Create a data science-related notebook, a standalone application, web application or any other kind of artefact with which you apply machine learning and data mining/analysis techniques to a chosen real-world problem domain.
Some ideas for possible projects:
- Current events: COVID19 data analysis; macroeconomic impacts of COVID19.
- Time-series analysis, time-series forecasting.
- Recommender engine: create application for making recommendations based on user preferences.
- Fitness data: analysis of your personal or some group’s FitBit data.
- Twitter: sentiment analysis, text classification, semantic analysis, network visualisation, geospatial visualisation, data storage etc.
- Facebook: network visualisation, geospatial visualisation, network analysis, natural language processing, data storage etc.
- Data journalism: data visualisation – implementation of interactive graphs (web enabled), infographics.
- A live Kaggle competition problem dataset https://www.kaggle.com/competitions (see notes below) 9. Web app that performs some data-related service.
- Process mining.
- …or something entirely different.
Topics NOT to cover:
- Currency markets, BitCoin, share market stock prices
- Closed Kaggle competition datasets
- Previously researched topics for which there are existing notebooks
- Definitely NO to the TITANIC dataset
OTHER NOTES DATA SOURCES
This is a recommendation, not a requirement: be as original as you can with your data sources. Some datasets are very popular and have come up repeatedly in assignments over the years. Unfortunately, because they are popular there are a lot of online sources that have scripts published for those datasets. In many cases, related assignment submissions involve some form of plagiarism. While the internet is a big place, we have seen a lot of these scripts before and it is easy to catch. Unless you are going to do something genuinely novel with a well-used data source (you will know it is well-used if you can easily find python kernels for it), avoid these data sources. The safest bet is a dataset that is integrated from multiple disparate sources.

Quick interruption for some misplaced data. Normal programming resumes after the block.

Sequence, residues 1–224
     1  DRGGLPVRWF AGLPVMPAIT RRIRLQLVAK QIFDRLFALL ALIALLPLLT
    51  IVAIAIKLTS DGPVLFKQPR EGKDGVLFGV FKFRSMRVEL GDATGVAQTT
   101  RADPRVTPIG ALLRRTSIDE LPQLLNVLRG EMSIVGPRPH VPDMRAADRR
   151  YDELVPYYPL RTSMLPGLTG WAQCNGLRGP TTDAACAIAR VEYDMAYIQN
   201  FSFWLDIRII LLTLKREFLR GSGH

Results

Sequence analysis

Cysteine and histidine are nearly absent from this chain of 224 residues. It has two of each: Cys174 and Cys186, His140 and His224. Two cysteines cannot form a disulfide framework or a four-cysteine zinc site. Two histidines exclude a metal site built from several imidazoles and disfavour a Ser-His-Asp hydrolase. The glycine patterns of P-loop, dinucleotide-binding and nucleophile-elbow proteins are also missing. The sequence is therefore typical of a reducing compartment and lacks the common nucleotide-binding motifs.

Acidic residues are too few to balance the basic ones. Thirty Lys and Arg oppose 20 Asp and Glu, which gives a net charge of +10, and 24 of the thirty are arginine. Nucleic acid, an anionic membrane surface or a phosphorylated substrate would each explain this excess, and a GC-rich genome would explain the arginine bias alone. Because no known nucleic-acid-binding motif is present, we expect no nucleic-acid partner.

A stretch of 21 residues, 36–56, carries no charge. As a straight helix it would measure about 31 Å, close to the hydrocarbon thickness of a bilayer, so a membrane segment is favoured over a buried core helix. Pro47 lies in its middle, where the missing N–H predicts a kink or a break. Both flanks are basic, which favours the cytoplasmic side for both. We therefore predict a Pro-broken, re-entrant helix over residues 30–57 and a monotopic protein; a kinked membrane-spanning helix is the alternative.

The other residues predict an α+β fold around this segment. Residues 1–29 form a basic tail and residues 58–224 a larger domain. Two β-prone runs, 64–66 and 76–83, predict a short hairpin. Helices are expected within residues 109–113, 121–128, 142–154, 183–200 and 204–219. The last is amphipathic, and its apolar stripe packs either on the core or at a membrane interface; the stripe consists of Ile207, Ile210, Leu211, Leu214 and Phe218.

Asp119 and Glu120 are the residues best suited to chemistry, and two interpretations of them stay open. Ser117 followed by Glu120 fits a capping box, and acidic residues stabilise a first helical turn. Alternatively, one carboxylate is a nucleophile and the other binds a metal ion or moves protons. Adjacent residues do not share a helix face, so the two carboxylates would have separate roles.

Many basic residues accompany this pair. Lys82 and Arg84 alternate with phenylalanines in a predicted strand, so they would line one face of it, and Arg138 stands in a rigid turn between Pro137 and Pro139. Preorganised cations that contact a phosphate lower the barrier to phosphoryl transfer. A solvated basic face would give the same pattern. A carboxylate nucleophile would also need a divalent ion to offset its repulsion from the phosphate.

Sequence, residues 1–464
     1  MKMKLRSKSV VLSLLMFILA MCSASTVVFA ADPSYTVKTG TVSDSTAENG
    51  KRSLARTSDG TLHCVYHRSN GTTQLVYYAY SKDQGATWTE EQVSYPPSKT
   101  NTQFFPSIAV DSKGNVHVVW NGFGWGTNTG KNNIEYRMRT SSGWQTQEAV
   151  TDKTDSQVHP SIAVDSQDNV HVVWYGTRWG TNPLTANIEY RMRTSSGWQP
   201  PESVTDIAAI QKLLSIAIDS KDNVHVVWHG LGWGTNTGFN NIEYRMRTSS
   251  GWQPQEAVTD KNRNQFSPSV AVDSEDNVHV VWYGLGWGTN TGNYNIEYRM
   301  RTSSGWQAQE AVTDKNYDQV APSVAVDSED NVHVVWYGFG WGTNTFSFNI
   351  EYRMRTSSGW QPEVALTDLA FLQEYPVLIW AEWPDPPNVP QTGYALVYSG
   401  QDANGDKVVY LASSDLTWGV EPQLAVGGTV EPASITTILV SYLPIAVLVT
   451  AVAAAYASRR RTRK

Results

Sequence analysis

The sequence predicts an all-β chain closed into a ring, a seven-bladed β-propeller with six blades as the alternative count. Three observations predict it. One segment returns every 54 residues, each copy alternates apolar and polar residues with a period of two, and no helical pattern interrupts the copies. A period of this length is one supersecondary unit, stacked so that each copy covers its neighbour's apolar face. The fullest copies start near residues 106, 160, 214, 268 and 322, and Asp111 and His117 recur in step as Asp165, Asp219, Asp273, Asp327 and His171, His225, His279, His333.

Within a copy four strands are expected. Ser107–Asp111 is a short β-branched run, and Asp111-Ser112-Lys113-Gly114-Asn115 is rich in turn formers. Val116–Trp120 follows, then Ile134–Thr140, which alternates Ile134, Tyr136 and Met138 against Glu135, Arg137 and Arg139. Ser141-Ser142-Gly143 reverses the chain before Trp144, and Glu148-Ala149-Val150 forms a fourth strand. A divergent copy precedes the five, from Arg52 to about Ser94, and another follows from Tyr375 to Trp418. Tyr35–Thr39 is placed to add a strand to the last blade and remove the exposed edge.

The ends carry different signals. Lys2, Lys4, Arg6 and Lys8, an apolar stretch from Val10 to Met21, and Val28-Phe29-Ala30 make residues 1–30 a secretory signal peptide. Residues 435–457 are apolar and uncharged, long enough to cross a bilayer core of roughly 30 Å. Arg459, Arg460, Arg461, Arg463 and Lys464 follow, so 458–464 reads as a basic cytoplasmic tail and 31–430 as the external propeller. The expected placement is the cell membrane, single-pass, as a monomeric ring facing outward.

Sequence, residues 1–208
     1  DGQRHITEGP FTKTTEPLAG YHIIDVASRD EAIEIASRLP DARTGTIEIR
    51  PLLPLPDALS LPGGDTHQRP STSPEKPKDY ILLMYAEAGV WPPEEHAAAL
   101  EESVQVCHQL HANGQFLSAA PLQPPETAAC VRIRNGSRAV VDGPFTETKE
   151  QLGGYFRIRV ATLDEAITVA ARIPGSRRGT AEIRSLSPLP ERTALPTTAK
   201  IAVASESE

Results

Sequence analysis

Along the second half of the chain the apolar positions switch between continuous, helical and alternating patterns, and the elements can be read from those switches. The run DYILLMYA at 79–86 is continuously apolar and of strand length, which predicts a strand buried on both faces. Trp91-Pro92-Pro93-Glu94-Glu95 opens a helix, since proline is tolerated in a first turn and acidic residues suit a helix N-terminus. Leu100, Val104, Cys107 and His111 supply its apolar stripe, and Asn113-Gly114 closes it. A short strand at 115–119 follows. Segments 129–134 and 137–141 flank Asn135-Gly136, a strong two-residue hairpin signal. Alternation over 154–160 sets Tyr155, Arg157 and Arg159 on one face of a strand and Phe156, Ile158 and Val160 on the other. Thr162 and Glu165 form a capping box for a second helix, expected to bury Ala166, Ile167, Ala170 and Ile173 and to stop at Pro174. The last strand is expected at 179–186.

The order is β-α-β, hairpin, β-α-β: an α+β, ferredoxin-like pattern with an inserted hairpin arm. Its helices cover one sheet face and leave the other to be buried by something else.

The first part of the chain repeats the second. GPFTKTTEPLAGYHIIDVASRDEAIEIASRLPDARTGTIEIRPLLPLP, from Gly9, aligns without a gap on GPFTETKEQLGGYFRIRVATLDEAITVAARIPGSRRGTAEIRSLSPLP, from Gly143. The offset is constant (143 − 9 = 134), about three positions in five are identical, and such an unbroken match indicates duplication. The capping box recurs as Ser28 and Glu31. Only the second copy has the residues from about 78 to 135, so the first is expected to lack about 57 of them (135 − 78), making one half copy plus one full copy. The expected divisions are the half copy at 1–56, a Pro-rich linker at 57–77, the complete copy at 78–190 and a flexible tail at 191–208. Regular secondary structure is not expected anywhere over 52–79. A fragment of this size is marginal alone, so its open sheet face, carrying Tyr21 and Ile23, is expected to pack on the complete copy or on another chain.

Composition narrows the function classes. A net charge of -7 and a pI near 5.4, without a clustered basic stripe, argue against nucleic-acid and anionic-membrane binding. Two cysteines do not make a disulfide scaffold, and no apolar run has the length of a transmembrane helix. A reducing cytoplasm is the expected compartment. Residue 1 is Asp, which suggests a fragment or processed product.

WARNING ABOUT CHOOSING A KAGGLE DATASET
Discuss this with the lecturer first. A high standard is set when marking Kaggle-related submissions. If you use a Kaggle dataset, we recommend you do not look at related Kaggle kernels as there can be a temptation to copy what you see. Copying without attribution is plagiarism which could lead to zero marks for this assignment. Be aware that markers are familiar with Kaggle kernels, in part due to marking assignments for other papers and cohorts. We will also be looking through related kernels prior to marking.
You are encouraged to use Python; however, this is not an absolute pre-requisite for all parts of your project.
If you choose to build a GUI based application, Python does possess libraries that facilitate this; however, you can use Qt or technologies like .NET which allows you to call your Python methods that implement the logic in your application.
In previous years, some students have created web-based applications which have front-end and back-end components that both serve webpages and perform some data science related tasks. If you have web development skills, then you are encouraged to pursue this. It is sufficient that your application run on localhost.
We will go ahead and conduct presentations despite the current constraints. We will aim for live team presentations over Zoom. Each person in the group will need to present. The presentations will be short and to the point. We would like you to aim for a presentation using only a handful of power point slides, lasting up to 15 minutes, or an application demo lasting up to 20 minutes. Make your presentation interesting. Don’t focus on technical details. Consider your audience to be tech-savvy executives. Focus instead on the story that you are trying to tell and sell to the audience/decision makers. The presentations will be marked in part by your peers.
Make sure you do these four things:
- Submit all your code, experimental code in a mixture of .py and Notebook files as is appropriate for each project. Each project should submit at least one Notebook that contains all the key findings and summaries.
- Submit a separate document (or include this at the top of a notebook) that details what each team member contributed to the assignment. Not all contributors will be awarded the same mark. Each team member must submit their own version of how each team member contributed.
- Each member of the class will be marked individually
- Watch and mark others’ presentations